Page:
10. Ledoux, D.R., G.E. Rottinghaus, A.J. Bermudez and M. Alonso-Debolt, 1999. Efficacy of a hydrated sodium calcium aluminosilicate to ameliorate the toxic effects of aflatoxin in broiler chicks. Poult. Sci., 78: 204-210.
    CrossRef  |  Direct Link  |  


  11. Miles, R.D. and P.R. Henry, 2007. Safety of improved Milbond-TX® when fed in broiler diets at greater than recommended levels. Anim. Feed. Sci. Technol., 138: 309-317.
    CrossRef  |  Direct Link  |  


  12. Mumpton, F.A. and P.H. Fishman, 1977. The application of natural zeolite in animal science and aquaculture. J. Anim. Sci., 45: 1188-1203.
    Direct Link  |  


  13. NRC., 1994. National Research Council: Nutrient Requirements of Poultry. 9th Edn., National Academy Press, Washington, DC


  14. Oguz, H. and V. Kurtoglu, 2000. Effect of clinoptilolite on performance of broiler chickens during experimental aflatoxicosis. Br. Poult. Sci., 41: 512-517.
    CrossRef  |  Direct Link  |  


  15. Pasha, T.N., M.U. Farooq, F.M. Khattak, M.A. Jabbar and A.D. Khan, 2007. Effectiveness of sodium bentonite and two commercial products as afalatoxin absorbents in diets for broiler chickens. Anim. Feed. Sci. Tech., 132: 103-110.


  16. Pasha, T.N., A. Mahmood, F.M. Khattak, M.A. Jabbar and A.D. Khan, 2008. The effect of feed supplemented with different sodium bentonite treatments on broiler performance. Turk. J. Vet. Anim. Sci., 32: 245-248.
    Direct Link  |  


  17. Prvulovic, D., D. Kojic, G. Grubor-Lajsic and S. Kosarcic, 2008. The effects of dietary inclusion of hydrated aluminosilicate on performance and biochemical parameters of broiler chickens. Turk. J. Vet. Anim. Sci., 32: 183-189.
    Direct Link  |  


  18. Rosa, C.A.R., R. Miazzo, C. Magnoli, M. Salvano and M. Chiacchiera et al., 2001. Evaluation of the efficacy of bentonite from the south of argentina toameliorate the toxic effect of aflatoxin in broilers. Poult. Sci., 80: 139-144.
    Direct Link  |  


  19. Salari, S., H. Kermanshahi and H.N. Moghaddam, 2006. Effect of sodium bentonite and comparison of pellet vs. mash on performance of broiler chickens. Int. J. Poult. Sci., 5: 31-34.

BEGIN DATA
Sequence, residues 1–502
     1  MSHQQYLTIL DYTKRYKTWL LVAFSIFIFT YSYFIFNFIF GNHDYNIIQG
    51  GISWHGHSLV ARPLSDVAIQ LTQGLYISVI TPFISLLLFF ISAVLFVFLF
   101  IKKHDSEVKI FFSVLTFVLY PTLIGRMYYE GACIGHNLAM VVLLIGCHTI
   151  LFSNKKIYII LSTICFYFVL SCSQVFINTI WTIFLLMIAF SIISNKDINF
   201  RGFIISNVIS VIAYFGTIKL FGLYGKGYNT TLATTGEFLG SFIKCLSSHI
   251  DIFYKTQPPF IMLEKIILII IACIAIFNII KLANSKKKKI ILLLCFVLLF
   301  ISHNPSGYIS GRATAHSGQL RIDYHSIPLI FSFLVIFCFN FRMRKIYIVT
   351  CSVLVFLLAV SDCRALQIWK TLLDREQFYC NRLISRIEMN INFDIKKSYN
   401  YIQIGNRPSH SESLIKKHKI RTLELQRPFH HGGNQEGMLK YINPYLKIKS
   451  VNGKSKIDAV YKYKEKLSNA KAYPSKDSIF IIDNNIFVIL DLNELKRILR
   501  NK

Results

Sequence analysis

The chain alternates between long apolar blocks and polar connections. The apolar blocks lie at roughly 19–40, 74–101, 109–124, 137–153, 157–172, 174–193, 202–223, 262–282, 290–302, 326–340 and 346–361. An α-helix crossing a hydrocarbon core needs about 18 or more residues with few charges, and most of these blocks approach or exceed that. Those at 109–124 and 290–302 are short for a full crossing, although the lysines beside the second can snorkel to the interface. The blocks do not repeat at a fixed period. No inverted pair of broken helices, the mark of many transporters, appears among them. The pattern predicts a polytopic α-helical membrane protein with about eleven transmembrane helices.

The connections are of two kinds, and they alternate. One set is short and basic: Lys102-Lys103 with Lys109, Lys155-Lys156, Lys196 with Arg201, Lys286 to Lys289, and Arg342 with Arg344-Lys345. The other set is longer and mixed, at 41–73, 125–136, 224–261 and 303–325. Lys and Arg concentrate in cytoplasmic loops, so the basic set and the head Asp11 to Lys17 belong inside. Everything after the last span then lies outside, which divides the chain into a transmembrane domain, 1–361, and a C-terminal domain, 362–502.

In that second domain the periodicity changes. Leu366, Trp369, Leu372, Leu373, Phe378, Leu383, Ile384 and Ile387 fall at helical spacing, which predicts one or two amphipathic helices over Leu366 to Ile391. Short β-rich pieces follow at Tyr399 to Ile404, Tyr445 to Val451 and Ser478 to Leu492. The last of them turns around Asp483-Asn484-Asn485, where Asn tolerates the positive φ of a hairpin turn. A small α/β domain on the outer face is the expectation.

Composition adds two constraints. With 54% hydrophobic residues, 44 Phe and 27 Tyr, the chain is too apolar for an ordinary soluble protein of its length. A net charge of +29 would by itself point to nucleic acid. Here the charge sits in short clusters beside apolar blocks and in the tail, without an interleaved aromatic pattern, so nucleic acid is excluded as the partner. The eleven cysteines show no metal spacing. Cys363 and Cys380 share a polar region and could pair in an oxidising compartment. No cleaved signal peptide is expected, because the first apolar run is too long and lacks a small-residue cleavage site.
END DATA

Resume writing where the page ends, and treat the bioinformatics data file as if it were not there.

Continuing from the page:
CrossRef  |  Direct Link  |  


  20. Santin, E., A. Maiorka, E.L. Krabbe, A.C. Paulillo and A.C. Alessi, 2002. Effect of hydrated sodium calcium aluminosilicates on the prevention of the toxic effects of ochratoxin. J. Applied Poult. Res., 11: 22-28.
    Direct Link  |  


  21. SAS, 2003. SAS User's Guide: Statistics. Version 8.2, SAS Institute Inc., Cary, NC


  22. Shariatmadari, F., 2008. The application of zeolite in poultry production. World's Poult. Sci., 64: 76-84.
    Direct Link  |  


  23. Shi, Y., Z. Xu, Y. Sun, C. Wang and J. Feng, 2009. Effects of two different types of montmorillonite on growth performance and serum profiles of broiler chicks during aflatoxicosis. Turk. J. Anim. Sci., 33: 15-20.
    Direct Link  |  


  24. Tauqir, N.A., G.I. Sultan and H. Nawaz, 2001. Effect of different levels of bentonite with varying energy levels on the performance of broilers. Int. J. Agric. Biol., 3: 85-88.


  25. Teleb, H.M., A.A. Hegazy and Y.A. Hussein, 2004. Efficiency of kaolin and activated charcoal to reduce the toxicity of low level of aflatoxin in broilers. Scient. J. King Faisal Univ. (Basic Applied Sci.), 5: 145-160.
    Direct Link  |  


  26. Trckova, M., L. Matlova, L. Dvorska and I. Pavlik, 2004. Kaolin, bentonite and zeolites as feed supplements for animals: Health advantages and risks. Veterinarni Medicina, 49: 389-399.
    Direct Link  |  


  27. Walz, L.S., T.W. White, J.M. Fernandez, L.R. Gentry and D.C. Blouin et al., 1998. Effects of fish meal and sodium bentonite on daily gain, wool growth, carcass characteristics and ruminal and blood characteristics of lambs fed concentrate diets. J. Anim. Sci., 76: 2025-2031.
    CrossRef  |  Direct Link  |  


©  2022 Science Alert. All Rights Reserved